Overcome Postpartum Depression

September 30, 2021
6 minutes
Mommy Hood

Overcome Postpartum Depression

A mother will always do her best to fulfill the needs of her family. Every time we ask for motherly support, she consistently portrays her strongest and bravest character to show how responsible she is as a mother. But little did we know, despite the strength, at times she felt feel drained and empty inside, and worst, doubting her nature as a mother. This depression engulfed in them creates a significant impact on their physical and mental health. So help them and make them feel loved and important.

According to the Office on Women’s Health in the U.S. Department of Health and Human Services, “Postpartum” means the time after childbirth. Most women get the “baby blues,” or feel sad or empty, within a few days of giving birth. For many women, the baby blues go away in 3 to 5 days. If your baby blues don’t go away or you feel sad, hopeless, or empty for longer than 2 weeks, you may have postpartum depression. Feeling hopeless or empty after childbirth is not a regular or expected part of being a mother.

Postpartum depression is a serious mental illness that involves the brain and affects your behavior and physical health. If you have depression, then sad, flat, or empty feelings don’t go away and can interfere with your day-to-day life. You might feel unconnected to your baby, as if you are not the baby’s mother, or you might not love or care for the baby. These feelings can be mild to severe.

As a first-time mother, I never get away with postpartum depression. It took me months to overcome this situation, those months which were extremely dark for me. The first month after childbirth, I cried a lot. I overthought. I was clouded with negativity, especially when my husband was not around and when anxiety attacks. I stop reaching out to anyone except the people I need some advice on the whole motherhood thing. I forced myself to shut down everything and spend my time nursing my child. Hence, I am near to losing myself. Most of the time, I hardly find a particular reason why I felt such breakdowns. I felt terrible for my husband, who has affected this motherhood stage; he could not understand me because I avoided connecting to him. This illness affects me in many ways, socially, physically, and mentally. Still, as the day goes by, I slowly recoup myself with the support of the people around me, especially by helping to pick up myself.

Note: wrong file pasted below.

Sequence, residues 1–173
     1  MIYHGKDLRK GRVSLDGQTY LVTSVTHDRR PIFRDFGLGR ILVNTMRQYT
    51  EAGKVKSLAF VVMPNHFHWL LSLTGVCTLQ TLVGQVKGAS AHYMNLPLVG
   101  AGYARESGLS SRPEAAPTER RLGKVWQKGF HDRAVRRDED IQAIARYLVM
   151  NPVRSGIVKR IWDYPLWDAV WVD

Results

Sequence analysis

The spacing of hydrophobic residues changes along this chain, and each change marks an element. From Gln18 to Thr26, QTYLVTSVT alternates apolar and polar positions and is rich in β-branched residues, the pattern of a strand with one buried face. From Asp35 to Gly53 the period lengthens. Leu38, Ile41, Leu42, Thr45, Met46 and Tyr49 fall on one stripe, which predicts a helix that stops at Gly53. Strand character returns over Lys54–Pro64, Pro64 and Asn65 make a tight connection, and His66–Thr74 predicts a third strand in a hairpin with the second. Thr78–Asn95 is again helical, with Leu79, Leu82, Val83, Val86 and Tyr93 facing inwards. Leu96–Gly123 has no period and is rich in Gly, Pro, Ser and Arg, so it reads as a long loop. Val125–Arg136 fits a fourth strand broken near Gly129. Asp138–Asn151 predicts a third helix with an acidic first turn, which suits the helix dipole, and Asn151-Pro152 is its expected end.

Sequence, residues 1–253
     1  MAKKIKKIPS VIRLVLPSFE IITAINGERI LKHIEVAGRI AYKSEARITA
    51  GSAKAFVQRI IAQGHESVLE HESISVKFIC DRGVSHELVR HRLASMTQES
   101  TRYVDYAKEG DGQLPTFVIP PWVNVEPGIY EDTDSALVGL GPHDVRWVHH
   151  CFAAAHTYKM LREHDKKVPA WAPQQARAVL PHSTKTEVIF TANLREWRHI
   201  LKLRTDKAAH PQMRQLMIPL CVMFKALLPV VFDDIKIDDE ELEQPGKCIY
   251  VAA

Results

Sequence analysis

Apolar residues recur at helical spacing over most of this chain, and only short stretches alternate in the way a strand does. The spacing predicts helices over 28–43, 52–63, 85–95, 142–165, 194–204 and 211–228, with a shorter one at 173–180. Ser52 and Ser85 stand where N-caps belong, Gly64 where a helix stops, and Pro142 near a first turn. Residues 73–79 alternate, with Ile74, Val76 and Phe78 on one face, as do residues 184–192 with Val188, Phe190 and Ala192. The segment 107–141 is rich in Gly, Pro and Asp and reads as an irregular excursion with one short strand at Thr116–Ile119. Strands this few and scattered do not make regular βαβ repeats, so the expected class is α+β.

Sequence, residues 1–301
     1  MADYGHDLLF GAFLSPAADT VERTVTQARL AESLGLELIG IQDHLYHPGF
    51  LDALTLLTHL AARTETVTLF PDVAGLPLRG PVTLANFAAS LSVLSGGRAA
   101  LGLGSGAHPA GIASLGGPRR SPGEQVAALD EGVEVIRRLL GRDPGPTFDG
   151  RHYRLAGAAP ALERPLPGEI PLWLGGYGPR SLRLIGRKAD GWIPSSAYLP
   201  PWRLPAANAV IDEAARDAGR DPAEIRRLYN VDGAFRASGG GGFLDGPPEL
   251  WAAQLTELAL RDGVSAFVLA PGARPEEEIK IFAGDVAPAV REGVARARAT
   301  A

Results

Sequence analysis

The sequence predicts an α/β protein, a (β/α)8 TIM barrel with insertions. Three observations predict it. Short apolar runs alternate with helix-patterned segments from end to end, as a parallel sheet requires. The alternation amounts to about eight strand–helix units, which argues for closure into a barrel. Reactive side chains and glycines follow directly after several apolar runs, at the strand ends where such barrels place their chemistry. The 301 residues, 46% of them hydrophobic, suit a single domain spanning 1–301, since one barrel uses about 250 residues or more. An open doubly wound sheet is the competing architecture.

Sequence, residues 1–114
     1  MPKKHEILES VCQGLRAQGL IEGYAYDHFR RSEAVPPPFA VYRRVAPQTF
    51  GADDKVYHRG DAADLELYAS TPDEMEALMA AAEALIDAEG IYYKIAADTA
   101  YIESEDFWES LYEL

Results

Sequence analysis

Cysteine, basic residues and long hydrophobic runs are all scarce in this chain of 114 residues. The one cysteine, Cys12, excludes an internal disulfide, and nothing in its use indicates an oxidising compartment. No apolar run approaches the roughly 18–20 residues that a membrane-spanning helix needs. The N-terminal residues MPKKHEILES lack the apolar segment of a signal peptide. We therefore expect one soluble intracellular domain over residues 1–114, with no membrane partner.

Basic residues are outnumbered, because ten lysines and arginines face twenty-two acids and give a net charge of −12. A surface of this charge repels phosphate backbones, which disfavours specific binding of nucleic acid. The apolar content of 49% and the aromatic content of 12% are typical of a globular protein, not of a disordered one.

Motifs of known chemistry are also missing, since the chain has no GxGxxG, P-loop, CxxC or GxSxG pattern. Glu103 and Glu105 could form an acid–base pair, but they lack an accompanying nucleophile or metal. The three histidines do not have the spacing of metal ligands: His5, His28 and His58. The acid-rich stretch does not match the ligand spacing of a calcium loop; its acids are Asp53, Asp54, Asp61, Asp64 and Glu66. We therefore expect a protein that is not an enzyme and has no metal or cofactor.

As a mom who had these dark moments, I want to help you and fellow mothers surpass them by sharing a few things on how I overcome postpartum depression, and I hope this helps you.

Talk to your partner.

You may feel empty and lonely during these dark hours, but you still have to connect with your partner or husband. Thru this, it will help them to clear and understand your insights. Talking to them will also help you to relieve your breakdowns and muck in with you in the process of restoring yourself.

Talk to your family.

Your mom, dad, and siblings were also the people you needed during these moments. These people who know you will offer wisdom and inspiration that enlightens your soul. Your family is the closest person you can ask for advice about parenting, including motherhood.

Get some air and have a walk.

If you feel irritated, upset, lonely, maybe you need to breathe some air. There is nothing wrong with asking for a little "Me time". Walking in the park or just sitting on the bench in your garden to calm yourself, breathe, and organize your thoughts are just helpful activities to ease everything in your mind.

Do what you love.

Hobbies are some of the best ways to divert your thoughts. Any activity that makes you happy and builds positivity in yourself is an excellent way to avoid overthinking. Thus it will motivate you to do better not only for yourself but also for the people around you, and doing what you love will assist you in surrounding yourself and your family with a positive outlook.

Life has its way of testing us, mostly in our darkest moments. It tests our faith, patience, and kindness during the process. People will help you through the process, but what is essential is that you dare to get up and live. We have our way of dealing with different situations in life, but remember that giving up will never be the best solution. It does not matter if it will take time to regain yourself; what matters the most is you try and believe in yourself.

Overcome Postpartum Depression
Roxanne Image
Roxanne B. Libiran
(Mom's Little Stories)